A key state health official has notified the attorney for a Brown County citizens group that there isn’t sufficient evidence to show that wind turbines have a negative effect on human health.
To that, attorney Ed Marion replied, “There’s no question in my mind that there’s such a rush to build wind turbines that policymakers are simply ignoring all the evidence against building them. People who dismiss wind turbine complaints are flat wrong.”
Marion, former Gov. Tommy Thompson’s chief of staff, represents the Brown County Citizens for Responsible Wind Energy, a group that opposes a plan by Chicago-based Invenergy LLC to construct a wind farm of 100 turbines in the towns of Morrison, Holland, Wrightstown and Glenmore.
Seth Foldy, state health officer and administrator for the state’s Division of Public Health, said his conclusion is based on a study of scientific evidence.
The citizens group claims considerable evidence shows wind turbines can cause a variety of health problems for nearby residents, including sleep disturbance and headaches.
The PSC-appointed wind siting council has sent proposed turbine rules to the PSC, which is expected to vote on the rules next week. The major issues are decibel limits and setback restrictions.
“Our review of the scientific literature concludes that exposure levels measured from contemporary wind turbines at current setback distances do not reach those associated with objective physical conditions, such as hearing loss, high blood pressure, or flicker-induced epilepsy,” Foldy wrote in a July 19 letter to Marion.
“From this, we conclude that current scientific evidence is not sufficient to support a conclusion that contemporary wind turbines cause adverse health outcomes in those living at distances consistent with current draft rules being considered by the Public Service Commission.”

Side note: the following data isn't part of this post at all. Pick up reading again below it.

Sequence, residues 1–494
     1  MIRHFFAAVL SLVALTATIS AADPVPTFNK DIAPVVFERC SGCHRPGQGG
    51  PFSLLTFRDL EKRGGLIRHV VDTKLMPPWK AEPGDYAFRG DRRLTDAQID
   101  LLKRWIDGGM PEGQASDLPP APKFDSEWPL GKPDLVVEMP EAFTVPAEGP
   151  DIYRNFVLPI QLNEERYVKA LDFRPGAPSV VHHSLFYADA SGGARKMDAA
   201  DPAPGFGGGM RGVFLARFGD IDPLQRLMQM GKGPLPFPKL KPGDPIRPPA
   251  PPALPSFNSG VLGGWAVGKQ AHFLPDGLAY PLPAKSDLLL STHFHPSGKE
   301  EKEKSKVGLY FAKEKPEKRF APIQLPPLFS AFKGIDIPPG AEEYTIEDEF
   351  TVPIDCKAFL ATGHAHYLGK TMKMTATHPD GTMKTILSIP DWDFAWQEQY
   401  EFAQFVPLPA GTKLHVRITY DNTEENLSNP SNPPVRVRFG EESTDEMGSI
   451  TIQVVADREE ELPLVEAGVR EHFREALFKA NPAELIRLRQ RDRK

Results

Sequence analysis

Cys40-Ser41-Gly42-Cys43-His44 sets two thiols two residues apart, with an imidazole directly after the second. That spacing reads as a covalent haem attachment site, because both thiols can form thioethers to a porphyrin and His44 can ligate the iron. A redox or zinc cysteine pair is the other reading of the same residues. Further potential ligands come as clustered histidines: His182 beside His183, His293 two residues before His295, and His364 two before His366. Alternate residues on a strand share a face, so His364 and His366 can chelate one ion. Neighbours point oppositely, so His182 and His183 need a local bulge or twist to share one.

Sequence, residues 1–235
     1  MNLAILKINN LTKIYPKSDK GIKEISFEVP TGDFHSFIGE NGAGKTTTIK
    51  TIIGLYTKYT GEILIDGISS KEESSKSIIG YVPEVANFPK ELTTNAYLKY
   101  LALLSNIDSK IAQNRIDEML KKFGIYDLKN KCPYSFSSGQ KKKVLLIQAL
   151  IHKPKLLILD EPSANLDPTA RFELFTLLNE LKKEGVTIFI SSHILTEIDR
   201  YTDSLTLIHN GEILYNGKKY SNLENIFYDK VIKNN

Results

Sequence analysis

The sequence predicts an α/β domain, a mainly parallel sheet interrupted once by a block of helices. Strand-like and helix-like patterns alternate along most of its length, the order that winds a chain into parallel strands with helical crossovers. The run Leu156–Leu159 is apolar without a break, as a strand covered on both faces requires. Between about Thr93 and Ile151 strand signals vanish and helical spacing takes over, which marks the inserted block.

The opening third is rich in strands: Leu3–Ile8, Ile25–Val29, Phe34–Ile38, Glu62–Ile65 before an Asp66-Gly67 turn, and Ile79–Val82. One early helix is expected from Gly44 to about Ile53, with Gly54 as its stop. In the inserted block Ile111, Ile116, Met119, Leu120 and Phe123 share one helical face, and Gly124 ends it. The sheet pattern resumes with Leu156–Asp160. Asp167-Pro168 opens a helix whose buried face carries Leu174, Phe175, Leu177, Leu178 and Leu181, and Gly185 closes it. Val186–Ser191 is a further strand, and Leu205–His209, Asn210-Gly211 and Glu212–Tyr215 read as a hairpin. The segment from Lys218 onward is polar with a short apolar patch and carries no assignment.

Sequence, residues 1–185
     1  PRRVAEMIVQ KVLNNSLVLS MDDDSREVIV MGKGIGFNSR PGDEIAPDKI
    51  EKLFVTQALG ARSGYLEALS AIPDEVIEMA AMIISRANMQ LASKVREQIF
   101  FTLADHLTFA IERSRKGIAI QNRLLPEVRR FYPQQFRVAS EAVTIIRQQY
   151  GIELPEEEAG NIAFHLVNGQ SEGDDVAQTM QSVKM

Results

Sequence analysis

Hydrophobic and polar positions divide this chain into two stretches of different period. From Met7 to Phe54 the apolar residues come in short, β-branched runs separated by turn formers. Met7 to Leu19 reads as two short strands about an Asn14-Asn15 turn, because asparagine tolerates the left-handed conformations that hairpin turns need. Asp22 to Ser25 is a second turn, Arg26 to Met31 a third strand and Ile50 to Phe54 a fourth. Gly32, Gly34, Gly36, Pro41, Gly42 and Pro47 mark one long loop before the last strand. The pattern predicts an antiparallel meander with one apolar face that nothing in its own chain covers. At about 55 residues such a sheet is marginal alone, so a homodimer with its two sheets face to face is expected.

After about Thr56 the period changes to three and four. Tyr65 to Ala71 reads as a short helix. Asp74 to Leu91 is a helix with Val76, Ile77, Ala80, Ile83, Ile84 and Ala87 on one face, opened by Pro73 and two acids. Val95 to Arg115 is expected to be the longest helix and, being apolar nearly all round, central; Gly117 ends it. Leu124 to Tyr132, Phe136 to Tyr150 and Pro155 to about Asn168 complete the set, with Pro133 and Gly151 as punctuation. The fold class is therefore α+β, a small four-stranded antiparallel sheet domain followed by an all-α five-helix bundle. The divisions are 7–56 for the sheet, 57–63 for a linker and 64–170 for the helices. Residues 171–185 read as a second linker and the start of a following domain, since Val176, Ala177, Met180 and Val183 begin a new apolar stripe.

Marion said he sent three letters to Foldy before receiving a reply and said additional studies have been completed since Foldy’s July 19 letter.
“Washington University in St. Louis, a prestigious institution, released a study this month that said there’s an urgent need to do more research on wind turbine effect,” Marion said.
Marion’s May 13 letter to Foldy cited five studies that he said concluded that wind turbine noise can cause health problems.
“Wind energy proponents claim that it has not been proven that wind turbine noise causes adverse health impacts,” Marion wrote. “More to the point, it has not been proven that wind turbine noise does not cause adverse health effects.”
He called on the state Division of Public Health to conduct more in-depth research on the issue.
Foldy wrote that symptoms such as sleep disturbance and headaches are common and caused by “a wide variety of conditions.
For example, sleep disturbance is a common problem in the general population and may be a sign of an underlying medical disorder. The same is true for symptoms like nausea, headache, problems with equilibrium.”
He said the department’s staff reviewed the five reports that Marion mentioned, as well as more than 150 reports on wind turbines and health. He said the department will continue to review evidence as it becomes available.
Barnaby Dinges, spokesman for Invenergy, said the company “has no comment on the letters between Marion and the state since it was not part of the exchange. It’s really a dialogue between those two parties.”
Invenergy is expected to resubmit its application for the wind farm after the siting rules are approved.
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